Monday, June 3, 2019

How Were Gentiles Saved In The Old Testament?

           The Mosaic Covenant was instituted for the Jewish people to serve as a code to guide behavior and a system of forgiveness. It foreshadowed the greater atonement of Jesus Christ that actually perfects those who believe on Him for salvation. The fact that the New Covenant is superior to the Old is manifested by the latter requiring repeated animal sacrifices. While the Old Testament is mainly centered upon Israel, it does speak of the Gentile cultures which surrounded that nation. We are told that God held non Jewish people accountable for sins such as idolatry and sexual immorality (2 Kings 22:17; Romans 1:18-32), with the reason being that they violated the law written on their hearts by God. This leaves us with an interesting question. How could the Gentiles be reconciled to a holy God before Christ came to die for our sins?

           The Law that was given to Israel by God through the Prophet Moses exemplified its uniqueness as a nation before the pagan cultures (Deuteronomy 4:5-9; Isaiah 42:5-7). The Law even contained clauses regarding the proper treatment of outsiders, thereby demonstrating God's care for those who were not Jewish. He provides equally for both the Jew and Gentile (Deuteronomy 10:16-21). The nations are in view through the seed of Abraham (Genesis 22:18). The Apostle Paul further elaborated on this truth as he was given new revelation from God (Ephesians 3:1-13). Non Jewish believers were considered as members of His kingdom in the same manner as a believing Jew.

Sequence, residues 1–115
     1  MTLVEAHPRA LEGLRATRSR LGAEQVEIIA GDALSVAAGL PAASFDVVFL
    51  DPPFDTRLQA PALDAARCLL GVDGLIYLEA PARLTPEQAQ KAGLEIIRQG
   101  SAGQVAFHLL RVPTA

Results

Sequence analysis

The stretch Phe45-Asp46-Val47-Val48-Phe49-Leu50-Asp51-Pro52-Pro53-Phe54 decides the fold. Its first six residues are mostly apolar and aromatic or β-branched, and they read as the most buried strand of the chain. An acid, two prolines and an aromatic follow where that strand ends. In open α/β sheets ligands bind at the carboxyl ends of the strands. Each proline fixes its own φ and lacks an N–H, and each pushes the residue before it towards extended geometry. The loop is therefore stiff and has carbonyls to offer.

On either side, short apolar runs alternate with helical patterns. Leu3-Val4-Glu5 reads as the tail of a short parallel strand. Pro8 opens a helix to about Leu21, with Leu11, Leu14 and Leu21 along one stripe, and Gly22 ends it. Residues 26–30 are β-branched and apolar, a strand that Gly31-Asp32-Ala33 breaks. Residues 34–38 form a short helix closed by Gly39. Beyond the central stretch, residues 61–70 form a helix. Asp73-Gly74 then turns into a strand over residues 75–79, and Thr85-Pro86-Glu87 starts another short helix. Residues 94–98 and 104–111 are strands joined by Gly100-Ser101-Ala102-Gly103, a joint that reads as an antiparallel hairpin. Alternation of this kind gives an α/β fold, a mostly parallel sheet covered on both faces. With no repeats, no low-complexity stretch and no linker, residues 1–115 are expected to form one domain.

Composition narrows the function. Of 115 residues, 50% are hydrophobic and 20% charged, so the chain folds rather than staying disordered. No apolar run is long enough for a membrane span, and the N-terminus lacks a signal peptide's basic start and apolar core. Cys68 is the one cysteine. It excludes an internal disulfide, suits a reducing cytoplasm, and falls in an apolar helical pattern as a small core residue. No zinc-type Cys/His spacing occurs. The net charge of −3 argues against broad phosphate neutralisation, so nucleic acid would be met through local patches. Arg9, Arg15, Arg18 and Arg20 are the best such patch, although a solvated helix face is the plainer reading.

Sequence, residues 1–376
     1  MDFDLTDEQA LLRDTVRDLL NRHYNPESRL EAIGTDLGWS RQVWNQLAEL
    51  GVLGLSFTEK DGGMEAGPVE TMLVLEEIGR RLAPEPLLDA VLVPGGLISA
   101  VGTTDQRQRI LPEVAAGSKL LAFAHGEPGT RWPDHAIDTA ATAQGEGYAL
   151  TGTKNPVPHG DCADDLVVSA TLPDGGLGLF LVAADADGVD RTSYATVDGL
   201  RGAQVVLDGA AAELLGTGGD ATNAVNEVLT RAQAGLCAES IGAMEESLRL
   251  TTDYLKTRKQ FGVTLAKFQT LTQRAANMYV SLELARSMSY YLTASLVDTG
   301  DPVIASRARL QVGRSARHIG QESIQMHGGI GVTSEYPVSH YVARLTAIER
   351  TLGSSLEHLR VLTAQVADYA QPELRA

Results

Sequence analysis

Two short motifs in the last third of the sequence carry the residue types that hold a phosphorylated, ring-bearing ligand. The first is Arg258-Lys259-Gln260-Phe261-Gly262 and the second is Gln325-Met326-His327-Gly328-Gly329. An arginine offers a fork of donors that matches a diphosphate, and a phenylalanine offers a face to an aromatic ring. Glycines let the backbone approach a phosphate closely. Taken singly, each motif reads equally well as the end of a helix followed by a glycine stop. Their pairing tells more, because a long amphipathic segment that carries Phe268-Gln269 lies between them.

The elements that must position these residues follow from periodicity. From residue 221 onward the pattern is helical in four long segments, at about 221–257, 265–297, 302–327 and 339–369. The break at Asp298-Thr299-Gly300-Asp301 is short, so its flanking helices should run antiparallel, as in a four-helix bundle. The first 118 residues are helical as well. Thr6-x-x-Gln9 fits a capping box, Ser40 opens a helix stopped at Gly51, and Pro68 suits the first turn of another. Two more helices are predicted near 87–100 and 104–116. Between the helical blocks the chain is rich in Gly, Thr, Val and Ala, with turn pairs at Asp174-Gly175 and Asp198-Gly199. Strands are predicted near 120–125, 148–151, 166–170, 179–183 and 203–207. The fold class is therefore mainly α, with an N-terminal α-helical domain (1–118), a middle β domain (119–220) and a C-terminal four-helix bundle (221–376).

Gentiles were saved in the Old Testament by converting to Judaism. They were saved by placing their trust in the God of Israel and identifying themselves with His people. False gods were forsaken for the worship of Yahweh. One noteworthy example of conversion is that of Rahab (Joshua 2). Another example of conversion is Ruth, which is described in detail in the first chapter of the book named after her. She exhibited faith in God and entered into His covenant, which consisted of trusting in the assurance of a future redeemer as foretold by the Holy Scriptures. The coming of a Messiah was believed by the patriarchs and of all the Jews. Converts partook in the Passover (Exodus 12:46-50). God has never been beyond the reach of individuals who truthfully seek after Him (Acts 17:26-27).

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